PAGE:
I try not to spend time on self-pity — not just in terms of writing, but, more importantly, in terms of what I allow to inhabit space in my mind.  I try to focus on what I have (which is a lot) instead of what I don’t.  But, the truth is that living abroad can sometimes be an incredibly lonely experience.

Of course, I have my family.  My children are wonderful, but I’m the mom, and they’re the kids, and they aren’t here to be my companions.  I have Dan, but he’s out of the house for about 55 hours each week, and the vast majority of the rest of the time is taken up by wall-to-wall parenting and sleep (if we’re lucky).  Jo is here, which has been wonderful in terms of giving me tons of opportunities for adult conversation, but in the hours where she isn’t cooking or watching Liam so I can get something done, she takes advantage of the opportunity (as she should) to explore the city unencumbered by kids, to rest and catch up with people at home, and even, on occasion, to be social with new friends.

The schedule of managing the household, keeping both kids on their schedules and getting B back and forth to school each day, plus having only made a few friends here (and they are almost all moms, and are balancing busy schedules themselves) means that I have almost no social interaction outside of my (not quite) weekly dates with Dan.  I go out on my own, twice a week, for an hour each time, but always alone.  I have coffee alone.  I go for walks alone.  I go ice skating alone.

And it’s been getting to me.

I am missing my friends at home very badly.  I am missing play dates with other mom friends, dinner get-togethers with friends with kids, weekend days spent with my family, afternoons at the barn, and, most of all, girl nights where I could hang out with a friend or two or seven, and just be me, instead of being me-as-a-mom.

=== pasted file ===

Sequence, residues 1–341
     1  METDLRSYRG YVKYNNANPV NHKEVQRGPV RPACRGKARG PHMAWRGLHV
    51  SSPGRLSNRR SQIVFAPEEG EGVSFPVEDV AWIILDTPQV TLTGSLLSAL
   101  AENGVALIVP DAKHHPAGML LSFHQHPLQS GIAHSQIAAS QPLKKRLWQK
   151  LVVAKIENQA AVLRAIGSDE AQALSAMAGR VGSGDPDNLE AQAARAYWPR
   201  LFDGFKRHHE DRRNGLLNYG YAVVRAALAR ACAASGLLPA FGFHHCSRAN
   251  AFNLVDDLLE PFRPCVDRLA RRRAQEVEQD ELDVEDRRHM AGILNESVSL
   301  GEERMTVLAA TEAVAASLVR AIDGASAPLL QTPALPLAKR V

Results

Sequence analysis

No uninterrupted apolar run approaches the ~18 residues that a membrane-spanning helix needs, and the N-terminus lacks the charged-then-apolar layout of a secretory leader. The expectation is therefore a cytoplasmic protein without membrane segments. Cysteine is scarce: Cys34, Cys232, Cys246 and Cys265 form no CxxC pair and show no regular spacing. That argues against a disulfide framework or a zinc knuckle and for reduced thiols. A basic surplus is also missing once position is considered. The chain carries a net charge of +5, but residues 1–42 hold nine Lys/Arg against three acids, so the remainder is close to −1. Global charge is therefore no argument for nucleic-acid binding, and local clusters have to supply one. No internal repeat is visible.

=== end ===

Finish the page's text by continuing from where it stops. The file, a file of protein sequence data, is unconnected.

A few days ago, I met up with a friend of mine for a run.  She had her little one (Liam’s age) with her and I had Liam with me (B was at school).  We’d been trying to arrange to meet up for a run for weeks, but stuff kept getting in the way — the weather was awful, Liam was sick, her son was sick, Liam was sick again, it snowed again.  But, finally, we had a day when everyone was healthy and the weather was agreeable, so we met up and went running for an hour.

It was fantastic.  It was just what I needed.  I hadn’t seen them in months, and it was so nice to chat (besides, she runs faster that I do, so it was also inspiring for my running speed).  It was lovely to see them again, and it was great to just have a little friend time.

I think it’s pretty well expected that someone in my situation — a stay-at-home mom, in a new country, where I don’t speak the language — would feel this way from time to time.  So it’s not a surprise.  But still, sometimes, it isn’t fun.  I’m starting to understand why people who had been through relocations like this strongly encouraged me to get involved in “mom groups” when I arrived . . . which I didn’t do, because they really aren’t my thing.  But it’s been hard to make friends on my own, and, more importantly, to make strong connections in this environment of having so little common ground with many of the people who I meet, and not being able to communicate well, even if I did.

As a basically introverted person, I’m not overly bothered by not having a lot of social connection . . . most of the time.  Most of the time, I find my solitary hours peaceful and centering, rather than lonely.  But sometimes, it’s really nice to have some friend time.